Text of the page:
Though political debates often focus on the state housing trust fund, Ross believes Florida would have an affordable housing problem even if lawmakers hadn’t reneged on their commitment. It certainly aggravated the issue, she said, but she also supports officials removing land from the speculative market for affordable housing and enacting laws that require those units remain accessible to lower-income earners, not sold to investors who jack up the prices.
“Land and housing are priced at whatever the market will bear. Individuals and corporate investors with cash to spend are driving up the prices,” she said. “Florida is a beautiful state — surrounded by water and nice weather. Attracting investors and pricing out the Florida workforce is a large part of the problem.”
A reason to vote in November?
There are signs across the state that some Floridians are reaching a breaking point.
Dwight Bullard, a political adviser at Florida Rising, an advocacy group, said he believes the housing crisis has reached a new class of people, and he expects it to motivate how they vote in November.
“People come up to me who are traditionally apolitical and say, ‘What are we going to do about affordable housing?'” Bullard said. “These are folks who have means, who were not complaining about this before, but when confronted with a $600 increase in rent, they’re saying, ‘Whoa, whoa, whoa, who is controlling the levers? Who do I need to talk to about why this is happening?”
Fried and Crist, the leading Democratic candidates for governor, have each released a policy framework to address what Democrats and many housing advocates are calling a crisis. Both have vowed to stop future raids on the housing trust fund. Fried has also said she would call for a state of emergency and extend property tax exemptions for homeowners. Crist has promised a down payment assistance program for veteran, young-family and first-generation homebuyers, and a new housing czar.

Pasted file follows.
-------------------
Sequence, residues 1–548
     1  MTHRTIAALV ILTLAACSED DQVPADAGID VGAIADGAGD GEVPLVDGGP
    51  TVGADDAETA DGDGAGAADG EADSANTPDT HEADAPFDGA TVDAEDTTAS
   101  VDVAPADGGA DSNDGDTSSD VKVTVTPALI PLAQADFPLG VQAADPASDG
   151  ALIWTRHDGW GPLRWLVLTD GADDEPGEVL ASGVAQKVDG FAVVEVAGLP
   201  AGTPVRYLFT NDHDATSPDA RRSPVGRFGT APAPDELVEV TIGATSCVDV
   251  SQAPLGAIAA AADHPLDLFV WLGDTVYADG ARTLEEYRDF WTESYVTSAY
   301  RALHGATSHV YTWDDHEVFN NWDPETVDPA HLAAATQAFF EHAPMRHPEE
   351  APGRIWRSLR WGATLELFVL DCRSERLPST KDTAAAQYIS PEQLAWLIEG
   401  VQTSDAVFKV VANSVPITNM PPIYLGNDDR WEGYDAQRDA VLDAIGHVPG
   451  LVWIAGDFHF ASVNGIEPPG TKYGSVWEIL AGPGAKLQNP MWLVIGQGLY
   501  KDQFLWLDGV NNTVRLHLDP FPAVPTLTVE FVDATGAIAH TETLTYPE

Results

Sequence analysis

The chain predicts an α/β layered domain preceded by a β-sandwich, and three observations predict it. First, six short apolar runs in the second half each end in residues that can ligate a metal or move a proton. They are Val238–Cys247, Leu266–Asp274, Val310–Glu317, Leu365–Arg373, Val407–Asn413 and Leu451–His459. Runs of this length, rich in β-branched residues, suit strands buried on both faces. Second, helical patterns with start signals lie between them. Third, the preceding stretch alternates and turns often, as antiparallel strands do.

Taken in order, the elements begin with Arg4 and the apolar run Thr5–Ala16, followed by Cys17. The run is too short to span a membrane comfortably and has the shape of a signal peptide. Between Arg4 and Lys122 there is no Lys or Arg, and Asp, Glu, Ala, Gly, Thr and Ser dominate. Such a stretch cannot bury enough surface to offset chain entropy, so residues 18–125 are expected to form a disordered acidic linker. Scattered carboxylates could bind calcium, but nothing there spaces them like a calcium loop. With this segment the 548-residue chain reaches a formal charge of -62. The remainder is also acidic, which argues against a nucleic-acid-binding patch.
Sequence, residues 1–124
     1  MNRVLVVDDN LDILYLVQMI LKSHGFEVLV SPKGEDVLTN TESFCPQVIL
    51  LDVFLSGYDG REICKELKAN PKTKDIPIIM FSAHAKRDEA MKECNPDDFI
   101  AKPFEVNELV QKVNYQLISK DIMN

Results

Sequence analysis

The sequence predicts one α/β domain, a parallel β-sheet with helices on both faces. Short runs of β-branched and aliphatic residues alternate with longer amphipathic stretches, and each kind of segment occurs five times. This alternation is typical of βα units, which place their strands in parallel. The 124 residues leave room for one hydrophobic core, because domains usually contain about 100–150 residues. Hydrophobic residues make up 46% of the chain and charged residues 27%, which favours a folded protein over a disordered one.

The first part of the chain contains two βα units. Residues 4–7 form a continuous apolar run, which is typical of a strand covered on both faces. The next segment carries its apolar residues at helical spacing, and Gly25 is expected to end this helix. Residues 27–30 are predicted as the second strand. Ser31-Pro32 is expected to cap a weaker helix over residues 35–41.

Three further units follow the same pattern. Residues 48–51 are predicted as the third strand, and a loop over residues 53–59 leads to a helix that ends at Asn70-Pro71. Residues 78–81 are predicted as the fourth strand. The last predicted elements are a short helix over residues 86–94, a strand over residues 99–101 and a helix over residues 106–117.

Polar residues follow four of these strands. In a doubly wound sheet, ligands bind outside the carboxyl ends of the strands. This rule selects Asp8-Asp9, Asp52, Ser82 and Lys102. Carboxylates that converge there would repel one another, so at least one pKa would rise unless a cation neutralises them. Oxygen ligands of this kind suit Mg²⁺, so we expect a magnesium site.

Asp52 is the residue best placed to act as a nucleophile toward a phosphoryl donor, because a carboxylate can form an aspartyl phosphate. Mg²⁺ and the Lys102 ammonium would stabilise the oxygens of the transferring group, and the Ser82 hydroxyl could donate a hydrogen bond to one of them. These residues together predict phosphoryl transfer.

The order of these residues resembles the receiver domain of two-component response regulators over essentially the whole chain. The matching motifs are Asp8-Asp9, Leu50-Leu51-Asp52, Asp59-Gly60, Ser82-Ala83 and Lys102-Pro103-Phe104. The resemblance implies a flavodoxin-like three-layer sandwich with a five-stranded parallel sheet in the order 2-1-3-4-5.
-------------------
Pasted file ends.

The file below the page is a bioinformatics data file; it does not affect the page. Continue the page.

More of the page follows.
“They’re reminded of that every day at the pump and at the grocery store,” Piccolo said.
Orange County Commissioner Emily Bonilla, a Democrat, said she doesn’t think voters will respond unless Democratic candidates offer more bold proposals. Bonilla has pushed her county to consider what would be the state’s first rent control measures. State law prohibits local governments from interfering in rental markets, except during an “existing housing emergency which is so grave as to constitute a serious menace to the general public.” Though it hasn’t been implemented before, Bonilla believes the current situation qualifies.
“You hear from people who you would think would be against this, making statements that their kids can’t afford to leave their homes,” Bonilla said. “It’s a unique situation. It’s people of all income levels being affected by this. And it doesn’t matter if you’re a minority, if you’re White, young, old or what political party you’re in, they’re all being affected.”
But Bonilla doesn’t expect other Democrats to get behind her push for rent control. Fried in a statement said the Republican-led legislature is unlikely to repeal the state ban on rent control and she would instead direct the attorney general to investigate price gouging. Crist spokesperson Samantha Ramirez said his proposed housing czar would work with local governments to find solutions, adding, “Localities need the flexibility to explore options to keep rents affordable.”
While Democrats differ in their solutions, they are united in their intent to keep the issue on the front burner through the election.
“We got here because of a failure of Republican action, we’ll stay here because of a failure of Republican action,” state Rep. Fentrice Driskell, a Tampa Democrat, said during an April event on affordable housing. “We’ll continue to beat this drum each and every day for Floridians.”
CNN researcher Mary Rose Fox contributed to this report.